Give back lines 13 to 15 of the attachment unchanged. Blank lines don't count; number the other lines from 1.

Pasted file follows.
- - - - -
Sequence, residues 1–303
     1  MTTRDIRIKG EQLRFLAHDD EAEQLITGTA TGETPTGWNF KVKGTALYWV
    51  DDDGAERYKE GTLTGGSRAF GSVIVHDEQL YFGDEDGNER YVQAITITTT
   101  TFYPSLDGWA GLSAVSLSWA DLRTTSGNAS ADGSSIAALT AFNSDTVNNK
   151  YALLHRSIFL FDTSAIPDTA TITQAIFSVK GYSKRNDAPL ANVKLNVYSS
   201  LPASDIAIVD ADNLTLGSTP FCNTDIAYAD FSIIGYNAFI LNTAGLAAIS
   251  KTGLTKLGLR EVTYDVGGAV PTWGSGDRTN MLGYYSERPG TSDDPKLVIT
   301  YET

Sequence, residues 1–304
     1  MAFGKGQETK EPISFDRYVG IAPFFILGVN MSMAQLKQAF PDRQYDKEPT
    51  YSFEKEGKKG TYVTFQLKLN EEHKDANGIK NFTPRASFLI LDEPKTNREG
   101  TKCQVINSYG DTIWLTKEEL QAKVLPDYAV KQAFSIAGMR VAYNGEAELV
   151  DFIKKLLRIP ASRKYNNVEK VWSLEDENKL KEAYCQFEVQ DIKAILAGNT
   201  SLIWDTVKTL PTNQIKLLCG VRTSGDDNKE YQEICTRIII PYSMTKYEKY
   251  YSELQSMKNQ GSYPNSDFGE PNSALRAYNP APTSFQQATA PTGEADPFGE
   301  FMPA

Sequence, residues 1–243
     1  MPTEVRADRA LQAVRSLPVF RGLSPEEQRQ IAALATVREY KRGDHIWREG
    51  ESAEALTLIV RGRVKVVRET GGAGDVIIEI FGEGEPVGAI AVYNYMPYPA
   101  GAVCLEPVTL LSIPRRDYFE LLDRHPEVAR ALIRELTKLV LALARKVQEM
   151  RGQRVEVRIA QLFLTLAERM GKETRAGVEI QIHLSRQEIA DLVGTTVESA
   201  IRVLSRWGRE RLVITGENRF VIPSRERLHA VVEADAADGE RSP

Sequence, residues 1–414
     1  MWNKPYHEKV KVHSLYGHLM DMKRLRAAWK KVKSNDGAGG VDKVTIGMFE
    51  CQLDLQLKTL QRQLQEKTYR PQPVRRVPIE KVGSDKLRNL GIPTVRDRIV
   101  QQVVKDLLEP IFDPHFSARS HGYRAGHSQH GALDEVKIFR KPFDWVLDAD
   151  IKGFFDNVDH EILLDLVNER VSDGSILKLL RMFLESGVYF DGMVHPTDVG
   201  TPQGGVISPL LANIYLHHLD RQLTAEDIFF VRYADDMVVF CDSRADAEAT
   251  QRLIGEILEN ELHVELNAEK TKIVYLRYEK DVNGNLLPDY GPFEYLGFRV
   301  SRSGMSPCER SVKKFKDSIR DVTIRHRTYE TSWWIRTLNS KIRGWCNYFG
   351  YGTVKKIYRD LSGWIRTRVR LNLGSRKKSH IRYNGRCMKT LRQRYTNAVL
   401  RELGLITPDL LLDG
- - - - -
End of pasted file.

   151  DFIKKLLRIP ASRKYNNVEK VWSLEDENKL KEAYCQFEVQ DIKAILAGNT
   201  SLIWDTVKTL PTNQIKLLCG VRTSGDDNKE YQEICTRIII PYSMTKYEKY
   251  YSELQSMKNQ GSYPNSDFGE PNSALRAYNP APTSFQQATA PTGEADPFGE